Concern Creative Writing Competition

Elga Kursite

Banagher College, Co. Offaly, Ireland, Age 16.

The Future of a Child Born Today in the Developing World

How many times have you seen an advertisement on television with a little girl carrying heavy containers of water, or maybe a boy in a plantation doing a full adult’s day of work, or a young mother struggling to find food for her new born baby? How many times have you seen the captions “a child dies every 3 seconds” or “215 million children are forced into child labour”? These stark statistics make us stop for a second, maybe look at our own children and thank God that they are healthy and educated and have a family that loves them. We know that our children will have a relatively secure future, in that they’ll have a job, make money and lead a proper life. The reality is that those shocking images on those disturbing advertisements are only a tiny fraction of the horrifying lives children born in developing countries will lead. That is not to say, of course, that every child born in the Third World is going to have a terrible future, but the majority of children will be born into a vicious cycle encompassing a tragic mix of child labour, human trafficking, little or no education, poor health and grinding poverty. We can’t even begin to imagine the lives they will lead.

A child that is born in a developing country is immediately at a disadvantage from the first gulp of air they take. in some cases, diseases such as HIV are passed on from the mother. The child is already born hungry because the mother was more than likely hungry herself. It’s like laying the foundations of a building on a flood plain. The structure will already be in danger of collapsing before you even start to build it. The future of these kids is already bleak.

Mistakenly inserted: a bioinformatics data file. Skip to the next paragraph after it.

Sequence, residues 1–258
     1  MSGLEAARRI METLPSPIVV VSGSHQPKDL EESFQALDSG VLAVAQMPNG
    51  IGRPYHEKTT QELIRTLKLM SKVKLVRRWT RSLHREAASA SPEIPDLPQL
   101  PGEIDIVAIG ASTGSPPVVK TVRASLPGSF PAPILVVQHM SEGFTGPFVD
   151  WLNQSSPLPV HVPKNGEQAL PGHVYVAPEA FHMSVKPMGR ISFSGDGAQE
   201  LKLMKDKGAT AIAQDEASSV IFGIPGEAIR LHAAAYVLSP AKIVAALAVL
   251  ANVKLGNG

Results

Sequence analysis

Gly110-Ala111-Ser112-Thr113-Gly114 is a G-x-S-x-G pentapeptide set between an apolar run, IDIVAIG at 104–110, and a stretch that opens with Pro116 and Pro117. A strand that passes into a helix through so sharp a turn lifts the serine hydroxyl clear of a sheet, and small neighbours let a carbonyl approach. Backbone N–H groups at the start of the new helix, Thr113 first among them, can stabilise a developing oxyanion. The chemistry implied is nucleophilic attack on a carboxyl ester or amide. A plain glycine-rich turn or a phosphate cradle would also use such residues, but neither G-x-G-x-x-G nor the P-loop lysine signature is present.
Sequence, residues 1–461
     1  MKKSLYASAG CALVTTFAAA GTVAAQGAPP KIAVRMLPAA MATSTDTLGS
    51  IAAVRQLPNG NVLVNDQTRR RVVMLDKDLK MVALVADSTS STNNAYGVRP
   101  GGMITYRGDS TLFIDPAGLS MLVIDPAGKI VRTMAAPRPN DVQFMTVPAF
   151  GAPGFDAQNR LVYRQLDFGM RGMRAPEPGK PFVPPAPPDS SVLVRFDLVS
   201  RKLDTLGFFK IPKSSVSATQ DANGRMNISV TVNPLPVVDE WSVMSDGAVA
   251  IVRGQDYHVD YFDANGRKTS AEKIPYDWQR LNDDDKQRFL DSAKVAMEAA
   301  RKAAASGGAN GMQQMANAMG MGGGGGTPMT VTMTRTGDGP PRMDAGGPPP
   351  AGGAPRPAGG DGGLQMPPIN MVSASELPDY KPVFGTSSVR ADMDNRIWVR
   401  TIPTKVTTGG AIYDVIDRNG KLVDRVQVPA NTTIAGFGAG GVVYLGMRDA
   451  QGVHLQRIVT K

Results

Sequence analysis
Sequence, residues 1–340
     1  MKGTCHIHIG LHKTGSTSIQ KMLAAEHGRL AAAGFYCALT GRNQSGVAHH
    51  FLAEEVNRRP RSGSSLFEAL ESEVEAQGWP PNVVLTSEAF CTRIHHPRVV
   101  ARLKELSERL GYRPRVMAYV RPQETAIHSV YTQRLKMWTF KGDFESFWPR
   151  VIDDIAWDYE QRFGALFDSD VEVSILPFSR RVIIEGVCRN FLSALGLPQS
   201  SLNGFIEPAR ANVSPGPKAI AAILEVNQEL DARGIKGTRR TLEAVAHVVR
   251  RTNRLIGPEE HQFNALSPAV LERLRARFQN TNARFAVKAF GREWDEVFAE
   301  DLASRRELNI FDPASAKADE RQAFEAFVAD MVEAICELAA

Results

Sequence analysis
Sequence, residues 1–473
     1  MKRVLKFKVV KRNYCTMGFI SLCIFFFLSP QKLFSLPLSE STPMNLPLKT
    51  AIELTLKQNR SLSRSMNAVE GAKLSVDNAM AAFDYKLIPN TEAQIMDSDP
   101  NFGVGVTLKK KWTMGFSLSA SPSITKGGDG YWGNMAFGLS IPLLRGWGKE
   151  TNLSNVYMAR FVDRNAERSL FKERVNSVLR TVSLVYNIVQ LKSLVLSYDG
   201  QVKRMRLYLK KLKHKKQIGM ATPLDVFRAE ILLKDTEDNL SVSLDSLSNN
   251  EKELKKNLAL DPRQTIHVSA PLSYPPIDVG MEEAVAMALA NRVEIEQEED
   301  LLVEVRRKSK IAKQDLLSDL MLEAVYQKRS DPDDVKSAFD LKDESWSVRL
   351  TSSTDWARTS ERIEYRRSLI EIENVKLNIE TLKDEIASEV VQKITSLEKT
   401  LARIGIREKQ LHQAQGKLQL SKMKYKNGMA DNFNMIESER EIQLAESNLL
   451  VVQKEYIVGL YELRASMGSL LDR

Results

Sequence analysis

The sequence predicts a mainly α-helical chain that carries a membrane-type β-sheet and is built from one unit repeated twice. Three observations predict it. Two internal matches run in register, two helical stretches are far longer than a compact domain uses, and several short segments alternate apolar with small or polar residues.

The baby is immediately exposed to life threatening illnesses – illnesses that tragically are completely curable in the developed world, such as measles, diarrhoea and the common cold. A lack of clean water and proper sewage systems also contribute to child deaths. An Ethiopian child is thirty times more likely to die by their fifth birthday than a child in the western-world. And the sad thing is that three quarters of these deaths are preventable. Research shows that these lives could be saved by low-tech, cost-effective measures such as vaccines and antibiotics. Those children who do survive and manage to make it past their fifth birthday now have to face other hardships that the future will bring.

The biggest issue after health in the developing world is education. It is a well known fact that a good education is the first step to a successful and happy life. Once a good strong foundation has been laid down, there will be less cracks in the walls of the building. But a large number of children growing up in the developing world won’t even have the most basic reading, writing and mathematical skills. Millions of children don’t attend primary schools and about twice the number don’t attend secondary schools. Those children will grow up to make up the one in five adults in the developing world that cannot read or write. And what’s even more disturbing is that girls are at an even bigger disadvantage when it comes to education since there are more illiterate females than males.